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11 Entrepreneurs Share How to Overcome Business Insecurities

Entrepreneurs are likely to face many business-related insecurities. Overcoming silent business fears is essential to long-term success.

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Entrepreneurs are likely to face many business-related insecurities. At one point or another, a lack of confidence and self-doubt can creep in unnoticed and sabotage the best laid plans.

Overcoming silent business fears is essential to long-term success. So we asked eleven entrepreneurs to share how they overcome business insecurity. Here’s what they had to say.

 

1. Listen to your gut and just go for it.

“Don’t be afraid of what other people may think. If you overreach, you can always figure it out as you go. If you step on someone’s toes, you can always apologize later. You owe it to yourself to go for your dreams and live the life you deserve. I was an 18 year-old kid when I started working for a Fortune 500 company with no experience and no education. Three years later I was running my own business and became Entrepreneur of the Year. You too can live on your own terms – you just have to decide that from now on you will.”

– Sharif Khalladi, Founder of Complexant, @sharifkhalladi

 

2. Consider the worst case scenario.

“Once, when I was dealing with the fear of failure, a mentor told me that to try to understand the worst case scenario, in addition to evaluating the likely risk and reward of the options. If that worst case scenario is still acceptable and the risk and reward is attractive, then it probably makes sense. However, if you can’t handle the worst case scenario, then you may have to re-evaluate.

Related to this, was a story a fellow entrepreneur told me about one of his employees who was extremely successful because of his experience as a war veteran. This employee understood the risk and reward of his business decisions and took calculated chances at work that others may have viewed as risky. The veteran understood real risk as bullets flying past your head, not a bad sales deal.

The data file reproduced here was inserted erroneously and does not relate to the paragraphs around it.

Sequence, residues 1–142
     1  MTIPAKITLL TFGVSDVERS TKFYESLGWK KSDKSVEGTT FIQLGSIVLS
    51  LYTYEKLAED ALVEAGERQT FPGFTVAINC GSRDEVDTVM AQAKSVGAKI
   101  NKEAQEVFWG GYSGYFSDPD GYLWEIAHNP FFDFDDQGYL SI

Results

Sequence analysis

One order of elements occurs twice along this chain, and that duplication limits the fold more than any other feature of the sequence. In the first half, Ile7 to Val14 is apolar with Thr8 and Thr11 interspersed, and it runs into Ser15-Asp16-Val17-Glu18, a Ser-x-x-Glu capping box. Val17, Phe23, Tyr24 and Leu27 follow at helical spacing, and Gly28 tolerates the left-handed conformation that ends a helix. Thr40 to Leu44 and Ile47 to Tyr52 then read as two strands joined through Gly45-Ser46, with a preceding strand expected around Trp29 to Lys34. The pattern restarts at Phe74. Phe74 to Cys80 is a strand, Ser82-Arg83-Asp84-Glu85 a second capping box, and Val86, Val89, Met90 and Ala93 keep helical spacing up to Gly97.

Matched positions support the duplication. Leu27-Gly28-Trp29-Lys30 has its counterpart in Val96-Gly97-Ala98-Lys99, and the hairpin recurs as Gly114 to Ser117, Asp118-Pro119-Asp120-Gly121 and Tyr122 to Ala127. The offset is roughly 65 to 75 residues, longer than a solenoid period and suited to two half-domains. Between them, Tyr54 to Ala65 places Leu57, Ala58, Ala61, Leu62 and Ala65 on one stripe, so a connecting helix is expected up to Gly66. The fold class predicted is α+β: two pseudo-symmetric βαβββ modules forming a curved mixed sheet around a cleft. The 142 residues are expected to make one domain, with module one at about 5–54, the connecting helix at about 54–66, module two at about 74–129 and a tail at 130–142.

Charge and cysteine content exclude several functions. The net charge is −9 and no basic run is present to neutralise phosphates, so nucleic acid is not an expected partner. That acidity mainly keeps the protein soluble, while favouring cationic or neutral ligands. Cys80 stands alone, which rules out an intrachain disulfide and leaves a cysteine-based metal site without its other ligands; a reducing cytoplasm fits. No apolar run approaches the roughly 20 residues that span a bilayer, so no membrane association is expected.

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This employee more properly understood business risk and true worst case scenarios than people without his experience, so he achieved better results from taking better risks.”

– Brad Morehead, the CEO and Co-Founder of LiveWatch Security@ LW Security

 

3. Celebrate your failures.

Celebrate your failures, recognizing they are a necessary part in the process of becoming successful. When I first started my own business, I was terrified of losing a client, thinking it would be the worst experience ever. Well, it eventually happened, and yes it was painful (mostly to my ego). But I analyzed what happened, made adjustments, and grew into a better person and a better company from the experience. Understanding that I will sometimes stumble, and that it’s okay when I do, has given me the confidence to run this crazy race of entrepreneurship!”

– Angela Leavitt, Founder & Managing Partner of Mojo Marketing, @MojoMktg

 

4. Be your own best cheerleader.

“No one can – or will – advocate for you and make it happen like you can. Exude confidence in your business and your capabilities, and others will see you as capable as well. If you don’t believe in yourself, no one else will, either.”

– Elle Kaplan, CEO & Founding Partner of Lexion Capital Management LLC, @ellekaplan

 

5. Set small, realistic goals every week.

“Starting a business from scratch isn’t for [the] faint at heart. Every entrepreneur is faced with periods of low self-esteem [and] lack of confidence, but most importantly, is uncertain of what is next. Am I on the right path? Am I doing the right things to grow the business? Is this normal? Am I panicking too early?

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The way to combat this is very simple: set small realistic goals every week and conquer [them]. For example, when we first started our business we’d set goals of closing 2 deals a week. Now, that’s the norm for a day’s work. It’s amazing how much achieving such small goals can boost your confidence and motivation. As you build on winning small battles, the ultimate feat of winning the war will become real.”

– Zlatan Beca, Co-founder and VP of Sales at Repair Jungle, @repairjungle

 

6. Write a letter from your ‘future’ self.

“Being a young, female founder in a male-dominated industry, I’ve had plenty of moments when I questioned myself and why I was doing what I was doing. I took some time out a while ago to write a short letter to myself from my future self. I carry this letter around with me. In those moments when I question myself, I pull the letter out. I take a quiet moment, and revisit it to remind myself who I am – and to stay the course.”

– Shelli Trung, Founder of Investors Beat, @InvestorsBeat

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